The building that has been preserved to the present day includes a square tower (rebuilt in 1916) to which a rectangular building is attached, split into three levels: the weapons hall and farmhouse, the main floor, and the dormers. Although some elements have been added and reformed, the part open to visitors preserves its original features. As regards the rest of the enclosure, some of the wall sections have been preserved and, in all likelihood, it contained the original church of Santa Maria.
Between the 10th and 11th centuries the castle belonged to the monastery of Sant Cugat but was then transferred to the Viscounts of Barcelona and, in turn, to the Counts of Barcelona. From this point the castle always belonged to the crown, although at the end of the 13th century King Jaume I made the Sescorts family its castellans. This family, which in the 18th century became related to the Vialà-Aguilera family by marriage, governed the castle until the enactment of the law on ecclesiastical confiscations in the 19th century. Nevertheless, it was purchased by a Vialà. Due to the significant expense incurred by this family in the 1916 restoration, the castle passed into the hands of successive private owners and is today the property of the Oliveras Sastre-Marqués family, which still resides there.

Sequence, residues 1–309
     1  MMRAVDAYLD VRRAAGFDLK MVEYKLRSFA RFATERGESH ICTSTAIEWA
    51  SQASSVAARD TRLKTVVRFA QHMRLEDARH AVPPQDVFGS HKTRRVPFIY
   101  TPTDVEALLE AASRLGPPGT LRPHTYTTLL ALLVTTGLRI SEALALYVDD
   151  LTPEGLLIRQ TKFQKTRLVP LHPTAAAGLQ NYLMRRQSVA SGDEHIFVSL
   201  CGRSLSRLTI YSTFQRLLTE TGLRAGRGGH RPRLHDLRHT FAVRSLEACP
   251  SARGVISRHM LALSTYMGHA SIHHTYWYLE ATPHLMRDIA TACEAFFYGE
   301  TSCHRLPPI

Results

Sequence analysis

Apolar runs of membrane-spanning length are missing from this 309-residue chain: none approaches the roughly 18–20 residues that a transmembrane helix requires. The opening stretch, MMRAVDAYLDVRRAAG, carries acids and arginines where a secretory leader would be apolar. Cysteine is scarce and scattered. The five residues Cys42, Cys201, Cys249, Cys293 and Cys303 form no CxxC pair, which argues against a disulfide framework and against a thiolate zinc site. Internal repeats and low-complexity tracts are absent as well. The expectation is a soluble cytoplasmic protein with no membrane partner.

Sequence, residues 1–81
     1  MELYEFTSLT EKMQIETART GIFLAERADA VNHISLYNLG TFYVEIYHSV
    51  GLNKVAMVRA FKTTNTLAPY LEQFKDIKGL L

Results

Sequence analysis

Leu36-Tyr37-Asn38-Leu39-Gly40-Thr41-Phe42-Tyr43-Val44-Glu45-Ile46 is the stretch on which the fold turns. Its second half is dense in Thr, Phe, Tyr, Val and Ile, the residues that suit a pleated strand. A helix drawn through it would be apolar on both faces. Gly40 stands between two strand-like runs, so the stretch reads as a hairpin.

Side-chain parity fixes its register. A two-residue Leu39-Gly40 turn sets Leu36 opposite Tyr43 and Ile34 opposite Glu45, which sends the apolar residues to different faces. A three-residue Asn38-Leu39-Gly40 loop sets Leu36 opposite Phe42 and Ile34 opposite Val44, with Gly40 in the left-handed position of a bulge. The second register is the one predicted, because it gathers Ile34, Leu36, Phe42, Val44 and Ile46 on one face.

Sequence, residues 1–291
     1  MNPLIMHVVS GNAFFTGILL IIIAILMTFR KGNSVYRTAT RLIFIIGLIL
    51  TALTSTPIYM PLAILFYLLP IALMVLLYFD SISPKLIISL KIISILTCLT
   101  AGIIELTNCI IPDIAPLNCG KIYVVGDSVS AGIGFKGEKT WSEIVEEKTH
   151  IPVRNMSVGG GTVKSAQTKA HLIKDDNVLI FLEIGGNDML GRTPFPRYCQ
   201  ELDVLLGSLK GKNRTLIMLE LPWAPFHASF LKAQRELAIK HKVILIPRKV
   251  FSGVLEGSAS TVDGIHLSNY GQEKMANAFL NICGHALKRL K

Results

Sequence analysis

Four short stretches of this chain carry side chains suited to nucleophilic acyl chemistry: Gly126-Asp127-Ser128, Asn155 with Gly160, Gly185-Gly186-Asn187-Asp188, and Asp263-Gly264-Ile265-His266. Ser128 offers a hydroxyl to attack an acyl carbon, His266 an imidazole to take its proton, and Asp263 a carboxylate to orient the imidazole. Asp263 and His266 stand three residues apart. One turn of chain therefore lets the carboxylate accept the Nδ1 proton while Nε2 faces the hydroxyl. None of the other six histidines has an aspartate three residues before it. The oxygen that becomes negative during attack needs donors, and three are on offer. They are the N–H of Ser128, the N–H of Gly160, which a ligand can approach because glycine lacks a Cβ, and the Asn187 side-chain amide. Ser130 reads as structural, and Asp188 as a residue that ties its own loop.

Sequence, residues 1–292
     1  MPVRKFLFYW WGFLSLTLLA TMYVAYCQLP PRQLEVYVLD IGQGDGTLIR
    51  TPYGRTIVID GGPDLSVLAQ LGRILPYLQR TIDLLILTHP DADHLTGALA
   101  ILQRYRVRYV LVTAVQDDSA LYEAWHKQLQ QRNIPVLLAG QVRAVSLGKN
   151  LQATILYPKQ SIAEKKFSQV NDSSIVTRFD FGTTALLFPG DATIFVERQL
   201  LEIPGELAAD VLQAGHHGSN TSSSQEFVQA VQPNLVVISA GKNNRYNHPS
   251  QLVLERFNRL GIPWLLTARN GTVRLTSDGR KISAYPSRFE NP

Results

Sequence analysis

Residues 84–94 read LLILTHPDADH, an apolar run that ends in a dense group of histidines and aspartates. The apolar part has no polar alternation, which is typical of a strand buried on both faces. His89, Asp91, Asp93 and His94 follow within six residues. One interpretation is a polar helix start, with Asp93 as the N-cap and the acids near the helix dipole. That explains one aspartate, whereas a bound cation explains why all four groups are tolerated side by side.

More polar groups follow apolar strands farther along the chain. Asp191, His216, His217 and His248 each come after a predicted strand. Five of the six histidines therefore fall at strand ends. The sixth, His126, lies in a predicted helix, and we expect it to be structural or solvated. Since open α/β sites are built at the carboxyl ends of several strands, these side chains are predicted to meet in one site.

The castle is historically important due to its connection with the Counts of Barcelona and, in particular, for the periods spent there by King Jaume I.
Costa Maria Lleopart, 1